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Dining ethically: A guide for foodies in LA and nationwide

In-N-Out Burger is one of the most ethically sound restaurants for workers.
In-N-Out Burger is one of the most ethically sound restaurants for workers.
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When you dine out, you may watch what you eat to stay healthy, but have you ever considered the ethical implications of what you’re consuming from that restaurant? How do the nation’s major restaurants treat their employees? Do they get paid sick leave? Benefits? Fair wages? Good working conditions?

These are just some of the details to be found in a report the Restaurant Opportunities Center United (ROC United) compiled and released to the public. In the 2012 ROC National Diners’ Guide, consumers can find wage, benefit, and promotion practices of 150 of the most popular restaurants and chains in the United States.

Among the good are In-N-Out and Five Guys Burgers and Fries. And some of the worst restaurants for workers are California Pizza Kitchen, Taco Bell, and Cheesecake Factory just to name a few.

Jot Condie, President and CEO of the California Restaurant Association said that ROC United is trying to smear the reputation of the food industry by generalizing.

"If there are laws that are being broken, then certainly restaurants and restaurant owners should be held accountable for that. But to say that this is industry-wide and ubiquitous just is not true, and that's what they're trying to convey," he said.

Condie said the restaurant industry works at a very thin profit margin, averaging 2 to 3 percent. He added that the monetary constraint and hope to keep menu prices low means restaurant owners have to make budget cuts in other places.

"There's not a lot of room for movement, particularly in the independent segment of the industry, which is the vast majority of the restaurants in the L.A. area, 51 percent are minority owned. If they could offer health benefits and paid sick leave and other benefits, they absolutely would. The industry is passionate about their employees," he added.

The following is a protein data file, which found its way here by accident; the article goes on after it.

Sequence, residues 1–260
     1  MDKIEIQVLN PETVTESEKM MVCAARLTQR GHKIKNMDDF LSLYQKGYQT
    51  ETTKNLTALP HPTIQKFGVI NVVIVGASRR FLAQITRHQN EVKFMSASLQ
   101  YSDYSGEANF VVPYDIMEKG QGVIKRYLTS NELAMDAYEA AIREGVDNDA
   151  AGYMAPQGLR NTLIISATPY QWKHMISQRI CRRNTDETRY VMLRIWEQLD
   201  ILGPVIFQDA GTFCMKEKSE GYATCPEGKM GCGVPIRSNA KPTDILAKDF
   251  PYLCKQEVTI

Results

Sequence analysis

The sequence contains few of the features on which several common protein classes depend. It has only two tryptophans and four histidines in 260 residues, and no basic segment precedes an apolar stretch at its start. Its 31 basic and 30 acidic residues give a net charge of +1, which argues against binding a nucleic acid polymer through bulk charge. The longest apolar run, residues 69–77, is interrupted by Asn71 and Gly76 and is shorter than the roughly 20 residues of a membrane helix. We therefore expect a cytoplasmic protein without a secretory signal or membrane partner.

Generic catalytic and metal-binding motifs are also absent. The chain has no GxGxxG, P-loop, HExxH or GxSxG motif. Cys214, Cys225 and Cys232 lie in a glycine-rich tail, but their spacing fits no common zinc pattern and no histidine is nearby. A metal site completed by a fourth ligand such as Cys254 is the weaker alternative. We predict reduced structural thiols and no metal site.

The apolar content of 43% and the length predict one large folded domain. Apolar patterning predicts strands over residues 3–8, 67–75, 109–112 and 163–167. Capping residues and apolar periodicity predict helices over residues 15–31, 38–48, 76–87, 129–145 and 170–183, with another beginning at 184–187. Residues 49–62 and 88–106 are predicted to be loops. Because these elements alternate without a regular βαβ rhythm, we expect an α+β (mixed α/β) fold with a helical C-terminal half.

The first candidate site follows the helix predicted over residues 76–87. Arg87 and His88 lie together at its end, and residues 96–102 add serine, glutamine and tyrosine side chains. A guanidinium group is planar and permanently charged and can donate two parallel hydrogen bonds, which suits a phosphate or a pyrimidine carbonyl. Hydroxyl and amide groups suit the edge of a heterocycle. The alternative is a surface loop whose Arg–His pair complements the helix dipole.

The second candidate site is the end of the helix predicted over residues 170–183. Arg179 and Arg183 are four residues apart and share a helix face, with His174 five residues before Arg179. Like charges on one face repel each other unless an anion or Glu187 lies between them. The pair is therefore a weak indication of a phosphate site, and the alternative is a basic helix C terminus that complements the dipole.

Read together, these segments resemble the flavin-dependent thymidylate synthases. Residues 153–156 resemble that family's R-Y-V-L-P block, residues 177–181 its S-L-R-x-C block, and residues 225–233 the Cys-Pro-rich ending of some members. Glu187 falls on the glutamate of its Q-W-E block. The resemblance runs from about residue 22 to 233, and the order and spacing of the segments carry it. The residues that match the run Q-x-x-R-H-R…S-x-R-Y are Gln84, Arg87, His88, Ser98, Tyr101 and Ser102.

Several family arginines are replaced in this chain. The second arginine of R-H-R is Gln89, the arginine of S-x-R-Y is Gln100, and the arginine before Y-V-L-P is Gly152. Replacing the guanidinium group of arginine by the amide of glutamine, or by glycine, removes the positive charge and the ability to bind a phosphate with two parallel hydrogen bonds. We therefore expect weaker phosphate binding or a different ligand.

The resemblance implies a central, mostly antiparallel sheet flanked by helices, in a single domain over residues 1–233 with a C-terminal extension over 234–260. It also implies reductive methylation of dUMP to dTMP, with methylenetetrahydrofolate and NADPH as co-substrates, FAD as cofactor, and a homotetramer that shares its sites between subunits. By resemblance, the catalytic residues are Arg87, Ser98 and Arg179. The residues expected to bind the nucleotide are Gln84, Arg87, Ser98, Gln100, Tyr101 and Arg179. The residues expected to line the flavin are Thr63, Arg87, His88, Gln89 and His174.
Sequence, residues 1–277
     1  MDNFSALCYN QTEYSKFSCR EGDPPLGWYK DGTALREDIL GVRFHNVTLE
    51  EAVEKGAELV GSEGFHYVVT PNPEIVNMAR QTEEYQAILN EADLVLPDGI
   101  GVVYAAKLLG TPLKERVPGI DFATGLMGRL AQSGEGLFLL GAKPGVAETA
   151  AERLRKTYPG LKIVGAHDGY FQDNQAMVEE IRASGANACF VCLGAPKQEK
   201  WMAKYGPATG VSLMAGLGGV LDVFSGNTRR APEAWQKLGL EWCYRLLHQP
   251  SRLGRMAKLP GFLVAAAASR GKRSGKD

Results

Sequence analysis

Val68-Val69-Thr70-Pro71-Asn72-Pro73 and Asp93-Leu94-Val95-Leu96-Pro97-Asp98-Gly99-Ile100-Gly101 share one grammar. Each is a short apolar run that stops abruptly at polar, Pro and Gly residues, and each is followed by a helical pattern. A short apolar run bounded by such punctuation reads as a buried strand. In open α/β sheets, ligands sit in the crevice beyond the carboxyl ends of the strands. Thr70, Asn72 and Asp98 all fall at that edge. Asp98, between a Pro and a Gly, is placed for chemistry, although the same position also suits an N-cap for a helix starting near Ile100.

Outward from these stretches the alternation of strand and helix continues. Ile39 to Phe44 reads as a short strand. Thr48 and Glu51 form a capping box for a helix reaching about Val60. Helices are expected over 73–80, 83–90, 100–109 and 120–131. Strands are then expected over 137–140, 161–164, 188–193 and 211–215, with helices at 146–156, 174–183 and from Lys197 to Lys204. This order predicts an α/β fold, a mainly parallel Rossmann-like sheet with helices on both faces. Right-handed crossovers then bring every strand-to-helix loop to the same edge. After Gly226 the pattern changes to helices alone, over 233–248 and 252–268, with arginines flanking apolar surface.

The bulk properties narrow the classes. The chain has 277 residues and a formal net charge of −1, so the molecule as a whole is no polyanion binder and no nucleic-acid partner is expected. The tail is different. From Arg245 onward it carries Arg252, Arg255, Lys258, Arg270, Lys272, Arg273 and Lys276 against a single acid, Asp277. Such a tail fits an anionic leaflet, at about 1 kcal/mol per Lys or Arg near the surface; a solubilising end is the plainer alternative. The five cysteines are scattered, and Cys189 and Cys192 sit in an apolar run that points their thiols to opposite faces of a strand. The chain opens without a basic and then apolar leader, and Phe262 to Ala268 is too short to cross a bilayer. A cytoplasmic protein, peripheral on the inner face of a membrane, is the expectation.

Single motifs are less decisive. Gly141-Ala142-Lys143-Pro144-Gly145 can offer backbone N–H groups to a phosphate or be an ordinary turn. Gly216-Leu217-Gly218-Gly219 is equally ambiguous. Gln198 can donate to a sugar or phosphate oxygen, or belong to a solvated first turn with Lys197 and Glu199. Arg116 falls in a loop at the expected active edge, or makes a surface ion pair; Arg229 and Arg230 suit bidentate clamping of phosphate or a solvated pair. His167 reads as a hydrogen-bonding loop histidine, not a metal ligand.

ROC United Co-Director and Co-Founder Saru Jayaraman said that chain restaurants have no excuse for providing unethical working conditions when the restaurant industry as a whole has been one of the few industries not as badly hit by economic strain. According to Jayaraman, the chains have announced record profits of $630 billion this year.

"The restaurant industry right now is one of the largest and fastest growing sectors of the economy, and the Department of Labor has reported that seven of the lowest paying jobs in America are restaurant jobs, and the two absolute lowest paying jobs are restaurant jobs," she continued.

Jayaraman argued that restaurants make decisions not based on how much profit they'll receive.

"I don't think that's a matter of profit. It's a matter of choice, in terms of what people decide to prioritize with regard to long-term sustainability, in terms of sustainable employment conditions and/or sustainable profits," she said. "We've got restaurants in every segment – fine dining, family style, casual, and fast food – that do well by their workers, so they seem to prove that you actually can do better."


Saru Jayaraman, Co-Director and Co-Founder, Restaurant Opportunities Center United (ROC United); Director, Food Labor Research Center at UC Berkeley

Mr. Jot Condie, President & CEO, California Restaurant Association